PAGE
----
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Ninja Gaiden III

Hayabusted open.

Set piece follows set piece in Ninja Gaiden's latest, with a more steady stream of QTE interactions than seen in previous titles. At times, it almost spills into the kind of pantomime absurdity seen in From Software's 2009 Ninja Blade, convoluted button combinations used to send Hayabusa from the top of the Houses of Parliament into a gliding swan dive down onto his enemies in sequences that bend even the liberal physics of the ninja cinematic tradition.

At other times, the QTEs are tiresome and mundane, as you alternately squeeze the left and right triggers to climb a tall wall, stopping to takedown any enemy stupid enough to look over the edge down at you. Nevertheless, Team Ninja integrate micro-set pieces to the flow of battle with some elegance and, in the demo's final face off with a giant mechanical spider robot whose legs you must chop at in order to bring it to its knees, Ninja Gaiden III succeeds in matching its forebears for imparting a sense of unstoppable power in its player.

Less welcome are the invisible walls that punctuate every street in the demo. At times you're forced to walk around a car as trying to leap over its bonnet will see you pushed back by some unseen force of code. It's an anachronistic design characteristic and Tecmo Koei should be under no illusion that it makes Ninja Gaiden III feel out-dated from first touch. Every video game must have its borders. But wherever possible, they should match the visual extremities of a play space, and far too often Ninja Gaiden's invisible walls draw closer than its environment assets.

Hayabusa wields the Sword of the Archfiend, which he took from Genshin in Ninja Gaiden II.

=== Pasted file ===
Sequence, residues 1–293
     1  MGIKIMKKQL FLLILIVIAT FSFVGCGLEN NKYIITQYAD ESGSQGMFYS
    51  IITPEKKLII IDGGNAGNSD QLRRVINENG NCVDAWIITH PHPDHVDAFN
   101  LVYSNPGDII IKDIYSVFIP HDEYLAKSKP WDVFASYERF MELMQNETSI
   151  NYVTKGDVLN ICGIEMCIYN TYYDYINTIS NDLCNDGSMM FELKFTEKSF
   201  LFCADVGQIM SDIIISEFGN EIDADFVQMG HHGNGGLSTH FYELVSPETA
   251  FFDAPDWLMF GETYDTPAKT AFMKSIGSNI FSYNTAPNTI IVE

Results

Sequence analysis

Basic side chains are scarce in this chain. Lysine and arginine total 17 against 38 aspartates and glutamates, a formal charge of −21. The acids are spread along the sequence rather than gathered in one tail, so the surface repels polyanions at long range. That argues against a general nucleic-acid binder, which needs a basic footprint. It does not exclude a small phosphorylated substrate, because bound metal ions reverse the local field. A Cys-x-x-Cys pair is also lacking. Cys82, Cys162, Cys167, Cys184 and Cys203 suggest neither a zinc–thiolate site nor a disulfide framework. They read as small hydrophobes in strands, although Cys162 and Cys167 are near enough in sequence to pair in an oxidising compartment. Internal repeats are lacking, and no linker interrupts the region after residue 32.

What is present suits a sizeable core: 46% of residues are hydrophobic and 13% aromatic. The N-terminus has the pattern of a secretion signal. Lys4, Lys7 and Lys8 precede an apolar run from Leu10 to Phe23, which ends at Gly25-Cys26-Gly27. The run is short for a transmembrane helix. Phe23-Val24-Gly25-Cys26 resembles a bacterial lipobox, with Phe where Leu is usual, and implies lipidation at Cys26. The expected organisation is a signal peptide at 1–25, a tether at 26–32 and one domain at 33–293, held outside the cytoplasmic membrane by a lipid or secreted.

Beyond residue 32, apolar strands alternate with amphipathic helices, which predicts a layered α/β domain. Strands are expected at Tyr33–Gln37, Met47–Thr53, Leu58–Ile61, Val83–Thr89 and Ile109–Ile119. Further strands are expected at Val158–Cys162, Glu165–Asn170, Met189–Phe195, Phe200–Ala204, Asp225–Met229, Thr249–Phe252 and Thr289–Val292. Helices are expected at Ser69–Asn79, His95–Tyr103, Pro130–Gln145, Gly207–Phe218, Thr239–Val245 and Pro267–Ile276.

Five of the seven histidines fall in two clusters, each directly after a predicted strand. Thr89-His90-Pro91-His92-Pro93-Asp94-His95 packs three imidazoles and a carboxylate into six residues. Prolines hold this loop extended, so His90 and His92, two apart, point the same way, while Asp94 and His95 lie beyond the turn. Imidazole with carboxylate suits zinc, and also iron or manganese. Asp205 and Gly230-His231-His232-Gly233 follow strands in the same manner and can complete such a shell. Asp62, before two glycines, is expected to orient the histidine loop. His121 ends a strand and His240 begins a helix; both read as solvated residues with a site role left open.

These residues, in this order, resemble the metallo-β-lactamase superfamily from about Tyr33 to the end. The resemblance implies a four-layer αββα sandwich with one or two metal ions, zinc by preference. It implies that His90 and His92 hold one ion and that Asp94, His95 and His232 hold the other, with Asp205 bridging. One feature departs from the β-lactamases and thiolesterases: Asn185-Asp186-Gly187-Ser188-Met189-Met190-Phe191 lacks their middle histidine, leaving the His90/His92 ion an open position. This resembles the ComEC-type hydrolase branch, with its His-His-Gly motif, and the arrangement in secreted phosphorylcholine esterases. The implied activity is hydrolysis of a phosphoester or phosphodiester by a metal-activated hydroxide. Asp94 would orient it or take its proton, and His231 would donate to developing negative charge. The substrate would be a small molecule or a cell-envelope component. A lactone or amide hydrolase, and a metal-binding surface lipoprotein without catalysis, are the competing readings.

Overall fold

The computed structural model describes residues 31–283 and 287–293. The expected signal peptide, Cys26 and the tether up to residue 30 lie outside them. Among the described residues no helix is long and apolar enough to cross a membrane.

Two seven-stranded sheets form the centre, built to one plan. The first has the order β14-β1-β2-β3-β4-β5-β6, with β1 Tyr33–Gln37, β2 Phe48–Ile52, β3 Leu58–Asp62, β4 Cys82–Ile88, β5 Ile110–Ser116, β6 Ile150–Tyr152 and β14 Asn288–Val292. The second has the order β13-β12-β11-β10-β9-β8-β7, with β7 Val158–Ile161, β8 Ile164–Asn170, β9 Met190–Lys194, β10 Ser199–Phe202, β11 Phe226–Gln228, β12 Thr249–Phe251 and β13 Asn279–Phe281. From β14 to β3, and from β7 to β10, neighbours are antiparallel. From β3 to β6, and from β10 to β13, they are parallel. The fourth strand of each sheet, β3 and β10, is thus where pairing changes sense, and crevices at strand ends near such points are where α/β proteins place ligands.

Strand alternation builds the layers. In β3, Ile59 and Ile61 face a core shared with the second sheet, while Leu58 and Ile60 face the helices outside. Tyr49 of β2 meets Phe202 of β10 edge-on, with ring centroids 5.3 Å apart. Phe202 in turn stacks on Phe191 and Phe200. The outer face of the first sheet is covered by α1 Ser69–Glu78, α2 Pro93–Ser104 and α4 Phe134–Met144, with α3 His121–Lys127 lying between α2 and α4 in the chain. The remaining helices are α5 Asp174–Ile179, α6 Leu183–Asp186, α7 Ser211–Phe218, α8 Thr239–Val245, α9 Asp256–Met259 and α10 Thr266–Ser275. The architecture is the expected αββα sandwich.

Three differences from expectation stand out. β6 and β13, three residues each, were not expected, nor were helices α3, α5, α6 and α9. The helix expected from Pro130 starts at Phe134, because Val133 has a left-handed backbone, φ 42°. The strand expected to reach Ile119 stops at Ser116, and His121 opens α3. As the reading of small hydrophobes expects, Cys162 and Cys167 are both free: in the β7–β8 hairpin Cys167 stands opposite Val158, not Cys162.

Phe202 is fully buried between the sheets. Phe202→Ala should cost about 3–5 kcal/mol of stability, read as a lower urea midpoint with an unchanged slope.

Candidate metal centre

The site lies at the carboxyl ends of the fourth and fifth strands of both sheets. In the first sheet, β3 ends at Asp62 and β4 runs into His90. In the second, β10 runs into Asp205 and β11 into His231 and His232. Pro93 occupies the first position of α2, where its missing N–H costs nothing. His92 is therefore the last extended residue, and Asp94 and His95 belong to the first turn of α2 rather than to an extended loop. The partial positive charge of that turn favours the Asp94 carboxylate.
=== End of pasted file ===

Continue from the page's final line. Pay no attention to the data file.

Visually the game is gorier than its predecessors. Fallen enemies crawl, mortally wounded along the concrete as you carry on the fight around them, while Hayabusa will run an unsuspecting foe through twice if you manage to sneak up behind him undetected.

The camera spins and pans, slowing time to take in particularly brutal executions, while blood fountains from wounds, splattering the pavement around. The developer does manage to splice together the ancient Japanese mythology of its theme with contemporary world seamlessly, as an eagle descends to Hayabusa's shoulder to save the game, just before a helicopter streaks overhead and turns its cannons toward you.

It's a reveal of mixed quality, then. Team Ninja has undoubtedly managed to keep the tone and feel of the series despite Itagaki's departure (no doubt aided by Ninja Gaiden Sigma director Yousuke Hayashi's steering). But the overreliance on QTEs at this stage in the development will split the audience. It may just be a result of the developer attempting to pack as many set pieces into the demo as possible, but following Simon Says button prompts will never be as fun as writing the interactive story oneself, and the balance currently seems off.

Likewise, while Ninja Gaiden has always been a series that carves a linear path for the player to follow, unless some of the more prominent invisible walls felt here are lifted, or arranged in more thoughtful ways, players may bang their heads against them once and not bother a second time.

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About the Author

Simon Parkin avatar

Simon Parkin

Contributor

Simon Parkin is an award-winning writer and journalist from England, a regular contributor to The New Yorker, The Guardian and a variety of other publications.

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